Hotel hallways are dark folks!

All vehicles matter.

Oh, by the way, we didn’t have our truck, going into a snow storm. Poor Big Booty Judy was sick and in the shop. She had some rust in the EGR (exhaust gas regulator) system and all her sensors put us into limp mode when pulling into Austin. We missed her so much during this weather event! Which leads us to our next lesson learned.

If you expect the ground outside to look like this:

Ice, snow, more ice, then more snow!

Do not rent a rear wheel drive Mustang convertible like this:

Convertibles crave sun, not snow!

In JC’s defense, the rental car decision came several days before the first winter storm warning, and we figured we’d have Big Booty Judy back by the Friday before weather set in. Of course we didn’t get her back until 8 days after that.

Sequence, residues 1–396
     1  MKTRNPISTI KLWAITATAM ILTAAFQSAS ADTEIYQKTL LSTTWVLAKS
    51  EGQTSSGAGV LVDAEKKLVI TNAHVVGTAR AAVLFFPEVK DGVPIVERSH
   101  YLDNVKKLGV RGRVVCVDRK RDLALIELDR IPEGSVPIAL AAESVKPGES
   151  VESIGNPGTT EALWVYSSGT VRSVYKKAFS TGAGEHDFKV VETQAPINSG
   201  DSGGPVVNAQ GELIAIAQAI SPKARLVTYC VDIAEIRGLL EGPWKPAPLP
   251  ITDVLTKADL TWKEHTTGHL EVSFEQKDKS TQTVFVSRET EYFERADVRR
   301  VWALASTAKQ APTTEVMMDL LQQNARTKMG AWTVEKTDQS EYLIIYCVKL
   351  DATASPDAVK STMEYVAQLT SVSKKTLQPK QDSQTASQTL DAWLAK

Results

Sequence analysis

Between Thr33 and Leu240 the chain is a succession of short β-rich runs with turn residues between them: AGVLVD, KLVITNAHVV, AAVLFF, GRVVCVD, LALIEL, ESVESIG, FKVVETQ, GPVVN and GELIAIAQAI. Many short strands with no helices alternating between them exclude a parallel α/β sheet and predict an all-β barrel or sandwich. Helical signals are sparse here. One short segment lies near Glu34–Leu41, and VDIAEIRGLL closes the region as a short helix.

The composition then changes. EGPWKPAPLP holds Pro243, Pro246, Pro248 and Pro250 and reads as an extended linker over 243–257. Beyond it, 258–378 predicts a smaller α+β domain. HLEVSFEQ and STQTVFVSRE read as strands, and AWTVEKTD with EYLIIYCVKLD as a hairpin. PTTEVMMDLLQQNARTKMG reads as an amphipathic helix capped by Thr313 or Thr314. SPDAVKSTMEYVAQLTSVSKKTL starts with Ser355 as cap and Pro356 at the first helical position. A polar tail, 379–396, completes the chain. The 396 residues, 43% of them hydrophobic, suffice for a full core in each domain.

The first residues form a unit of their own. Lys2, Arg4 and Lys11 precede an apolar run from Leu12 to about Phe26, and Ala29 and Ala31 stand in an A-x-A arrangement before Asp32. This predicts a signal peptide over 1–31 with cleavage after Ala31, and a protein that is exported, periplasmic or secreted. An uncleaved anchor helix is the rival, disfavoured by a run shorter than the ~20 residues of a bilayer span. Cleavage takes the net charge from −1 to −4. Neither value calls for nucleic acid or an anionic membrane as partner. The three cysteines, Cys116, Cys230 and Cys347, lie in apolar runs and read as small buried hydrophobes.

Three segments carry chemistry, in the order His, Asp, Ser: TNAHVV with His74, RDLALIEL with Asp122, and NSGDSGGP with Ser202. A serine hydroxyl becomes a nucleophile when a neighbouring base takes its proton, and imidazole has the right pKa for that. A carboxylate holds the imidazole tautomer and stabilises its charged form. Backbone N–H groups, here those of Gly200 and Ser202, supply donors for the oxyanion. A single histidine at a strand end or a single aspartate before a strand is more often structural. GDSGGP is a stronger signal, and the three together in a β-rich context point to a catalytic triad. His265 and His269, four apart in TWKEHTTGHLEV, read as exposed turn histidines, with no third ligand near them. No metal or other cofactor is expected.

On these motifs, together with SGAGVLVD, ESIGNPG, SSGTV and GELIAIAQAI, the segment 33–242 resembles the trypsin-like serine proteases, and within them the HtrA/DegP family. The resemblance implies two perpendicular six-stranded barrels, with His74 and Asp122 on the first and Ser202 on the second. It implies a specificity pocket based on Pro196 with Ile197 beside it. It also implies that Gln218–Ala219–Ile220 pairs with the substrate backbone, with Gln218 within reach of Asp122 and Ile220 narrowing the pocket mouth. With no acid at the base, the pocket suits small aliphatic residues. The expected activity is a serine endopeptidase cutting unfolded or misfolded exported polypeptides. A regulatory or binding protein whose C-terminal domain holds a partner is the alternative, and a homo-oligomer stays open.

Whether to weather – tropical cyclones, tornadoes, high winds, and winter storms.

The RV life requires one to think about how your travel plans, and the forecast, could impact your living arrangement.

Being from Florida, we’ve seen some hurricanes. Most recently some pretty humbling ones, like Irma in 2018.

Hurricane Irma was a biggin’!

These massive storms were an underlying reason we wanted to sell our house made of straw (a 1920’s era wood bungalow). It was a early lesson in Whether to weather, one we’ve relearned a lot now that we live in a 40′ ft tin can!

We’ve now experienced tornado outbreaks in GA and FL, tropical storms in NC, PA, and GA, high wind events in WI, TX, and NM, and a Texas-sized winter storm in Austin.

It pays to pay attention to the weather folks!

Preparedness Tips

Get to know what an RV furnace sail switch is and buy RV antifreeze before you need it.